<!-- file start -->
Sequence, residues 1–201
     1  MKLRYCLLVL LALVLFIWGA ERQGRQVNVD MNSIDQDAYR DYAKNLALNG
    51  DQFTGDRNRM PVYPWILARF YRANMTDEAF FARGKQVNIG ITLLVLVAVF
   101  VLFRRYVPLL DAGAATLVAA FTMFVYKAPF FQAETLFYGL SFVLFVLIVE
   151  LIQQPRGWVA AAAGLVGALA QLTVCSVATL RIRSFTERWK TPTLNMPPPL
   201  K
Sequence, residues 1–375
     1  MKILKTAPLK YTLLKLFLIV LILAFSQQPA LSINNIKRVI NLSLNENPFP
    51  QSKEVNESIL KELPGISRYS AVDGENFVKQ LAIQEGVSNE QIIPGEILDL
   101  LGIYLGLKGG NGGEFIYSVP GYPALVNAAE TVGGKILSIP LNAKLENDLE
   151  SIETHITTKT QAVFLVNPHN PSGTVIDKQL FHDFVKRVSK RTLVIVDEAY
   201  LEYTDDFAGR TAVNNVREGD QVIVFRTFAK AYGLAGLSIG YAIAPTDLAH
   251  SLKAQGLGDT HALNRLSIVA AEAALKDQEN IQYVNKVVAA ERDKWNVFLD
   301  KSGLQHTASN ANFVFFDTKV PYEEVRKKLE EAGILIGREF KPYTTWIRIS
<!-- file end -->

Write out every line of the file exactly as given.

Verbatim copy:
Sequence, residues 1–201
     1  MKLRYCLLVL LALVLFIWGA ERQGRQVNVD MNSIDQDAYR DYAKNLALNG
    51  DQFTGDRNRM PVYPWILARF YRANMTDEAF FARGKQVNIG ITLLVLVAVF
   101  VLFRRYVPLL DAGAATLVAA FTMFVYKAPF FQAETLFYGL SFVLFVLIVE
   151  LIQQPRGWVA AAAGLVGALA QLTVCSVATL RIRSFTERWK TPTLNMPPPL
   201  K
Sequence, residues 1–375
     1  MKILKTAPLK YTLLKLFLIV LILAFSQQPA LSINNIKRVI NLSLNENPFP
    51  QSKEVNESIL KELPGISRYS AVDGENFVKQ LAIQEGVSNE QIIPGEILDL
   101  LGIYLGLKGG NGGEFIYSVP GYPALVNAAE TVGGKILSIP LNAKLENDLE
   151  SIETHITTKT QAVFLVNPHN PSGTVIDKQL FHDFVKRVSK RTLVIVDEAY
   201  LEYTDDFAGR TAVNNVREGD QVIVFRTFAK AYGLAGLSIG YAIAPTDLAH
   251  SLKAQGLGDT HALNRLSIVA AEAALKDQEN IQYVNKVVAA ERDKWNVFLD
   301  KSGLQHTASN ANFVFFDTKV PYEEVRKKLE EAGILIGREF KPYTTWIRIS